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Clin Orthop Relat Res. 2008 October; 466(10): 2513–2518.
Published online 2008 July 24. doi:  10.1007/s11999-008-0368-3
PMCID: PMC2584290

Systematic Review of Cemented and Uncemented Hemiarthroplasty Outcomes for Femoral Neck Fractures

Jaimo Ahn, MD, PhD,corresponding author1 Li-Xing Man, MD, MSc,2 SangDo Park, MD,1 Jeffrey F. Sodl, MD,3 and John L. Esterhai, MD1

Abstract

Although hemiarthroplasties are an important treatment for femoral neck fractures, the literature does not provide a clear approach for selecting the implant fixation method. Therefore, we performed a systematic search of the medical literature and identified 11 prospective and retrospective studies that compared results between cemented and uncemented femoral implant fixation methods. After independent blind data extraction, we compared variables between cemented and uncemented cohorts using two different meta-analysis models. Pooled data represented 1632 cemented and 981 uncemented hemiarthroplasties (average age of patients, 78.9 and 77.5 years, respectively). The average operating room times and blood loss volumes were 95 minutes and 467 mL, respectively, for the cemented and 80 minutes and 338 mL for the uncemented cohorts. Postoperative mortality rates, overall complications, and pain were similar between the two cohorts. Despite a few potential trends, we found few statistical differences between cemented and uncemented techniques based on reported outcome measurements. In addition, inspection of this literature underscored the lack of and need for consistent and standardized reporting of outcome variables regarding these procedures.

Level of Evidence: Level III, therapeutic study. See the Guidelines for Authors for a complete description of levels of evidence.

Electronic supplementary material

The online version of this article (doi:10.1007/s11999-008-0368-3) contains supplementary material, which is available to authorized users.

Introduction

Hip fractures, including intracapsular fractures of the proximal femur, in elderly women are common and may be increasing among elderly men [3]. Despite continued discussion regarding the treatment of these fractures, controversies continue regarding their optimal treatment, including the choice of implant and fixation method [1, 2, 11, 13, 22].

Although there is a plethora of reports concerning these fractures, the outcome measures and treatments advocated are inconsistent and varied [1, 2, 11, 13, 22]. Hemiarthroplasty remains a common and important treatment in the United States; however, the literature does not clearly suggest whether cementing the femoral stem enhances outcomes [5, 710, 12, 1418, 21, 23]. Systematic reviews have been performed but are either too stringent in criteria or do not provide quantitative assessments [15, 21]. A recent Cochrane review included only five studies (all randomized, prospective; two were published in abstract form only) for analysis and data from only one or two studies for evaluation of almost all outcomes of interest [21]. In this context of limited numbers of studies compared, no significant differences were found.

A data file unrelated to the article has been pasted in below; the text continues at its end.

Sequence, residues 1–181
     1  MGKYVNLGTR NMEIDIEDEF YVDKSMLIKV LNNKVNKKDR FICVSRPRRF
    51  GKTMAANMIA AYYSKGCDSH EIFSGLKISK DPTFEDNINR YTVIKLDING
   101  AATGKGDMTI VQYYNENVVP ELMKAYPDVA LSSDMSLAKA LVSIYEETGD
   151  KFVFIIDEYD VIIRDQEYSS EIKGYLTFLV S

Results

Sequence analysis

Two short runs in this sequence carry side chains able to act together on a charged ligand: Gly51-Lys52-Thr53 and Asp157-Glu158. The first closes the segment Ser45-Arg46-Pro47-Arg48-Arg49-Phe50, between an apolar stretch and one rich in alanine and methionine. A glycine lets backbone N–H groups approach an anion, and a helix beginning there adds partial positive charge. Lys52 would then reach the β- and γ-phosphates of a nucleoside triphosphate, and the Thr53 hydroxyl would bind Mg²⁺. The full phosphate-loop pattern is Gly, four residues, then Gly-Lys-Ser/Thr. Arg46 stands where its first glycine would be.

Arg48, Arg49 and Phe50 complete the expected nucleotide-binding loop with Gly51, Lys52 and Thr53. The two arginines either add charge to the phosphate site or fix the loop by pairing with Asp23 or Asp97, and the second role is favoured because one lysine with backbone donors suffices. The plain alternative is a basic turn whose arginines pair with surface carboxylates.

Our objective was to provide useful quantitative assessment of outcomes data comparing cemented and uncemented methods as treatment for femoral neck fractures by including clinically important variables that were amenable to meta-analysis (blood loss, operative time, perioperative and postoperative mortality, complications, pain, and revisions) and by including retrospective and prospective studies while using statistical methods to account for variability in and between studies.

Materials and Methods

We (JA, LM) performed a systematic search of the English language medical literature on cemented and uncemented hemiarthroplasties for treatment of femoral neck fractures in the elderly published between 1980 and August 2005. We used the terms (fracture OR fractures OR fractured) AND (femur OR femoral OR femurs) AND (cement OR cemented OR cementing) AND (hemi-arthroplasty OR hemiarthroplasty OR arthroplasty) AND (neck OR basi-cervical OR basicervical OR sub-capital OR subcapital OR intra-capsular OR intracapsular) to search the PubMed databases and Cochrane Library with a resultant 190 matches. All 190 titles and abstracts were examined and those that did not address the topics of proximal intracapsular femoral fractures treated at least in part by arthroplasty were discarded. This was supplemented by hand searches of reference lists and our personal files. The final list of 120 articles agreed on by two authors (JA, ML) included 116 published articles and four abstracts not published as full peer-reviewed manuscripts. (Supplementary materials are available with the online version of CORR.)